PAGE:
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The State government can do things to help provide incentives as well. They can reduce or eliminate vehicle registration fees for volunteers. In my state, they charge a higher registration fee for having firefighter, EMT or rescue plates. Lowering the registration fee will have a small impact on the State fund but will significantly help the volunteer. Providing tax credits to employers who allow their employees respond to emergencies during the work day is another way to help with department recruitment. It used to be a source of pride for Firefighter License Platecompanies to have their workers on the fire department but due to economic changes it is harder for those companies to be productive when being shorthanded. A tax credit could help soften that and encourage volunteering. Another potential idea to help volunteer departments is having the state set up retirement programs for long term volunteer responders. Wisconsin has a program where the state matches department contributions. Then after a predetermined number of years of service the volunteer becomes vested and upon reaching retirement age them money is played out.

I think the Federal government can step up and help the volunteer responder as well. A program like the GI bill could help provide incentive to volunteer serving the community. If a person dedicates a minimum number of years to the community the federal government could help pay for college via grants, interest free loans, etc.  It would encourage young people to serve their local community and give them real life perspective.  The federal government could also provide tax credits to people who buy homes in areas that have been identified as needing responders. I know there are already urban revitalization programs in existence but very few apply to areas protected by volunteers. Tax credits could also go to employers who encourage and allow employees respond to emergencies. The federal government already funds departments thru grants and other staffing programs but once again many volunteer organizations don’t qualify for staffing grants. Instead of funding the department to hire people we could encourage companies to have their employees volunteer.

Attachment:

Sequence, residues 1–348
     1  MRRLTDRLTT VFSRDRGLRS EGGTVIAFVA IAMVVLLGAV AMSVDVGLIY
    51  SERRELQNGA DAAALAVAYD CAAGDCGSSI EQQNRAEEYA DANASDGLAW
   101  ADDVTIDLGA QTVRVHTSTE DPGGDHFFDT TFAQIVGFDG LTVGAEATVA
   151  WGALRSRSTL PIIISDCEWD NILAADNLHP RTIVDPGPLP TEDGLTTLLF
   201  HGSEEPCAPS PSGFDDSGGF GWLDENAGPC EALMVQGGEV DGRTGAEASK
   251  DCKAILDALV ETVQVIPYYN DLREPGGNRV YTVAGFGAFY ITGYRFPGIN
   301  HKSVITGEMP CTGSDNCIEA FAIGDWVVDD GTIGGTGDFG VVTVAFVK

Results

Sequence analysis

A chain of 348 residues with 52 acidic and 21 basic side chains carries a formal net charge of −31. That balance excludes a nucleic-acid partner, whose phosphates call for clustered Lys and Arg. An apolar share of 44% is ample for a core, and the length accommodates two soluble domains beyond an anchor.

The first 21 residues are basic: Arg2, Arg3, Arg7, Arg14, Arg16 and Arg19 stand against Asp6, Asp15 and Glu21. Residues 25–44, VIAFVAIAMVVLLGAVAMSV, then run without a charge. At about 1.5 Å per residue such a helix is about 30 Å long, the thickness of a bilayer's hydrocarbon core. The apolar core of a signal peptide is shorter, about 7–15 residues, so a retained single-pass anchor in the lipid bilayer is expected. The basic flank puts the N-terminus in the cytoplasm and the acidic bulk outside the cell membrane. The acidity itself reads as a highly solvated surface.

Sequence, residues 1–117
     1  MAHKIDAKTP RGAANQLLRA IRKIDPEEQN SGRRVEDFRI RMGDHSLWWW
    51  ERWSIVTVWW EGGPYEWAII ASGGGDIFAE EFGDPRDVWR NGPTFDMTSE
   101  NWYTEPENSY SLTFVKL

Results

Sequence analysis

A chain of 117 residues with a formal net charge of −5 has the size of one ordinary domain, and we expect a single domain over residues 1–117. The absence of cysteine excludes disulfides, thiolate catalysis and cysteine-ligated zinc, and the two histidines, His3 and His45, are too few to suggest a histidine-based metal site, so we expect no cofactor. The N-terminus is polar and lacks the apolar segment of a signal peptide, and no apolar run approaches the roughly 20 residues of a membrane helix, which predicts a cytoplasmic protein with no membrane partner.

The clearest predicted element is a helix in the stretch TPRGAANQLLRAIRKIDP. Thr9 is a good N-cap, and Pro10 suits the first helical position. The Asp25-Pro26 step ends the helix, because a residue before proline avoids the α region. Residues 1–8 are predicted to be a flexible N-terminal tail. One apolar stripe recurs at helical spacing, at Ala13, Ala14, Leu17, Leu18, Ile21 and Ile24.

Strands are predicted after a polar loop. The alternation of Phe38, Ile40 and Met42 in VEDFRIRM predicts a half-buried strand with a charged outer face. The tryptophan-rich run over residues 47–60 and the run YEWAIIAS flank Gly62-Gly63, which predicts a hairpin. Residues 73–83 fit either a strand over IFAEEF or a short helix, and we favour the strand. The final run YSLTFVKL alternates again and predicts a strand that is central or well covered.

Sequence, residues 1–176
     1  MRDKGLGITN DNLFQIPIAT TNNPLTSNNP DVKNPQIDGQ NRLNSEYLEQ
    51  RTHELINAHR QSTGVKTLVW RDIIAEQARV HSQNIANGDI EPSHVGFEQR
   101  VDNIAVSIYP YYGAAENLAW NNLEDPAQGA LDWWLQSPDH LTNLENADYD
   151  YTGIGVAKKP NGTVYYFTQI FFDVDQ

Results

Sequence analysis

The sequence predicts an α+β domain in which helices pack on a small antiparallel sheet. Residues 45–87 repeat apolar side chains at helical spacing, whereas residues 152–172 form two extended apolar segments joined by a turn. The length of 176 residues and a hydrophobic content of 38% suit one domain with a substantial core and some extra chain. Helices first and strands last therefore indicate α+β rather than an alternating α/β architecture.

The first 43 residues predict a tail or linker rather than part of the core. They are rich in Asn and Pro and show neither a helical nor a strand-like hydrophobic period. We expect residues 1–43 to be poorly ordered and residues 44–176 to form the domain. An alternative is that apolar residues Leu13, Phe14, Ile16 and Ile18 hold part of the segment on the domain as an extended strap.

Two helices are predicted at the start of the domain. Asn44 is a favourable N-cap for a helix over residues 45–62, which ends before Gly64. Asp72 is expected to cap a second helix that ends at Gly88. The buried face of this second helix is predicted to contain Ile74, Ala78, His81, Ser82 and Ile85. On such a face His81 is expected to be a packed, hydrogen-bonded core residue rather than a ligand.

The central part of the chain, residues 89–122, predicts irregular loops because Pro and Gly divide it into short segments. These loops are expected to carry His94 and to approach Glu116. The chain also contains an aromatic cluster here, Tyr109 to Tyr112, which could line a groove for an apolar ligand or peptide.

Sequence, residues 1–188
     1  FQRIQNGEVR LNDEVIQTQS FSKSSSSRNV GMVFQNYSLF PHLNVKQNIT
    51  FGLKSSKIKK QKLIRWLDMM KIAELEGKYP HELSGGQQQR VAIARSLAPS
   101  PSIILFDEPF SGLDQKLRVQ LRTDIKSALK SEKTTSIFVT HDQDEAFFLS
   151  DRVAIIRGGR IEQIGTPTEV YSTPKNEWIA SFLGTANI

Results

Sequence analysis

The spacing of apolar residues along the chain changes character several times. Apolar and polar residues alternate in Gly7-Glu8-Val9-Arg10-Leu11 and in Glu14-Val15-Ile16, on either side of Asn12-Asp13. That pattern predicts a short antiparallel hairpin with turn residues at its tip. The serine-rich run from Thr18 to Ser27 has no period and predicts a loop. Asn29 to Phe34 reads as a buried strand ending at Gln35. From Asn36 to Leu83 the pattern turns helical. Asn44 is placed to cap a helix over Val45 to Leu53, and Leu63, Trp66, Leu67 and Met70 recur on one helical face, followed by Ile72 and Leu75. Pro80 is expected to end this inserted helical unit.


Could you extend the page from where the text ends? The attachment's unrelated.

I feel our society would be better off with a renewed sense of community and patriotism. I think you become more compassionate when you help someone from a different walk of life. Bringing more people into the fire services family will make for stronger, more understanding, healthier communities.  Perhaps if we encourage young people to serve the community some of our countries other issues will work themselves out. I think that by the government investing in these ways it would be a win/win…. volunteer emergency services will be able to secure people and society would be better.


Stay Safe,


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The title may be a bit ambitious but at this point in history, it is pretty widely accepted that Ohio has at least three cities with the highest rates of Heroin related overdoses and deaths. I happen to work in one of them.

What we have also experienced, as in most drug trends, is the repeat customer. Reviving the same patient several times in the same month before they finally die from the drug, get locked up or disappear. We know them by name or address and we say the same things to them when they wake up that we always do. In turn, they say the same things to us that they always do.

We have come across “Narcan Parties” where the addicts get together with a stock of Narcan and revive each other when they overdose. We arrive to find several patients that have already been given Narcan by someone. Usually that someone is long gone so we are left to finish what they started.

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Our tactics for an overdose used to be a cruel joke. We used to wake the overdose patient up quickly so they would vomit. Then we would use the experience as an attempt to “teach them a lesson”. Then we started only giving them enough Narcan to keep them breathing and deliver them to the ED so they could get the supportive care they needed while they were slowly awakened, in the comfy ED bed surrounded by friends and loved ones. We also used to take their shoes before we transported them. That way if or when they signed out AMA and left the ED they would have to wait for the bus in their socks. All in a misguided attempt to “teach them a lesson”. All of that is gone now. (I sound nostalgic and I am just a little bit. Not about being mean to people but for a time when getting dispatched on an overdose was thrilling). We have so many overdoses now, the thrill is gone and we start hoping for a shortness of breath or a chest pain, simply to have some variety. It’s a sad day when the crew sits around the kitchen table and tries to remember when they last had a shooting or a stabbing. Those things are pretty common where I work.